CFPB Finally Moves to Repeal Harmful Payday Lending Rule

The Consumer Financial Protection Bureau (CFPB) is finally set to start rolling back its payday lending rule. This is just another step by the Trump administration in its effort to repeal some of the most harmful regulations of the Obama era. CFPB announced just recently that it plans to rescind key provisions of that rule in the near future.

Despite all of the blustering by Democrats, this rule has been devastating for low-income Americans. It essentially deprived them of short-term banking options. Yet, Sen. Elizabeth Warren (D-Mass.), who claims to be a champion of the little people, said that the planned rollback “makes a mockery of the CFPB’s statutory mission of protecting consumers.”

Here are the facts. The payday lending rule required lenders to certify that the recipient of a loan had the ability to repay the loan. This requirement reflects a fundamental lack of trust in markets. Advocates of such a rule fail to explain why they believe a consumer cannot determine whether a loan is too costly for them or why they believe lenders would otherwise want to make loans where they know they can’t recoup their money. It substitutes voluntary exchanges with transactions that require the approval of federal regulators.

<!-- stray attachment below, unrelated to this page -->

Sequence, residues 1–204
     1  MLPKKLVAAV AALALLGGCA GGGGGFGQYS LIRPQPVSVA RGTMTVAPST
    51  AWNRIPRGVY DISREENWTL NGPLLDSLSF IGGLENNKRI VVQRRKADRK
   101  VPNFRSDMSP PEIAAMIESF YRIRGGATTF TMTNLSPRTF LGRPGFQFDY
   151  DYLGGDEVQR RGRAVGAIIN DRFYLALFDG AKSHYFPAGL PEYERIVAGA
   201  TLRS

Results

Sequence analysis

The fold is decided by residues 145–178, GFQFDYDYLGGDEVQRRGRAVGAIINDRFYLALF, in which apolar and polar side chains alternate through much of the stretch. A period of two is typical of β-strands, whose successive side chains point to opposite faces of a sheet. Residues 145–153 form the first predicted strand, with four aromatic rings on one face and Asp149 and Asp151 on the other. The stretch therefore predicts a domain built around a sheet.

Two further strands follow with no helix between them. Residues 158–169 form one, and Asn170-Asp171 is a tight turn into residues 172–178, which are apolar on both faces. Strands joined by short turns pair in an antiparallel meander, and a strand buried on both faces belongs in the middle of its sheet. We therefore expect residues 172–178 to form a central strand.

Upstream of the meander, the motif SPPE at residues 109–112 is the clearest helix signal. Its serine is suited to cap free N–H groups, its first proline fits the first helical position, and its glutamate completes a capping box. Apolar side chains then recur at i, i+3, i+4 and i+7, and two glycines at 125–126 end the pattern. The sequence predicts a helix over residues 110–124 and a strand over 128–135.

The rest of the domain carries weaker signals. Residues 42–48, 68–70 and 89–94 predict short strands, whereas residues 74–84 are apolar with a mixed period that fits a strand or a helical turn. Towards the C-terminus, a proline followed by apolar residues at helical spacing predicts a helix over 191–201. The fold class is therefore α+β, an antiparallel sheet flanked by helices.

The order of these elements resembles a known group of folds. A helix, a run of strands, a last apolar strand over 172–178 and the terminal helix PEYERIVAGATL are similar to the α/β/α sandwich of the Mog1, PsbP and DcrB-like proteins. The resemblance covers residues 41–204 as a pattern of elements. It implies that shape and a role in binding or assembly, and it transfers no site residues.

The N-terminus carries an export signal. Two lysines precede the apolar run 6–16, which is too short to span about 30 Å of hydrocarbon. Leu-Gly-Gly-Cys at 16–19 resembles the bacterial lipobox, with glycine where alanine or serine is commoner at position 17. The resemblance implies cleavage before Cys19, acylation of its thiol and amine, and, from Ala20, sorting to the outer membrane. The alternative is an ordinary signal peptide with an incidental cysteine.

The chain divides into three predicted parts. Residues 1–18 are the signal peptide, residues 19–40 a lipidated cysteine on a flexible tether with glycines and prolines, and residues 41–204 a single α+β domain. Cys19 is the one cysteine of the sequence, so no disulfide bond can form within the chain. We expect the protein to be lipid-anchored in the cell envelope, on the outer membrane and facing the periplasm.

When the rule was first promulgated, the Heritage Foundation noted, “Not only does the CFPB lack evidence to support its claims that these lenders engage in ‘predatory behavior,’ the evidence actually suggests just the opposite.”

These payday loans provide low income Americans with vital short term credit that they otherwise could not afford with typical banking options. It is true that these loans may cost them roughly $25 to borrow $100, but when you are living paycheck to paycheck, such a short term loan could be the difference between being able to put food on the table and struggling to do so.

Proponents of the rule cite the fact the over ten thousand complaints were lodged against payday lenders between July 2011 and August 2015. However, this represents roughly one-tenth of one percent of all those who took advantage of payday loans. Yet, federal regulators felt the need to get involved based on this complaint rate, and could devastate the industry as a result.

The original rule is also a prime example of central planners not recognizing their own limitations. No matter how hard they try, it is impossible to eliminate risk. There is no way to determine with absolute certainty that a borrower will make good on their debts. Payday loans, in this way, are no different from other loans. They are, however, an innovative approach to fulfilling a market need for low-cost, short-term loans that will benefit the economically disadvantaged in this country.

The CFPB should be applauded for its effort to roll back the payday lending rules, and more efforts should be undertaken to make it easier to gain access to lines of credit, not harder.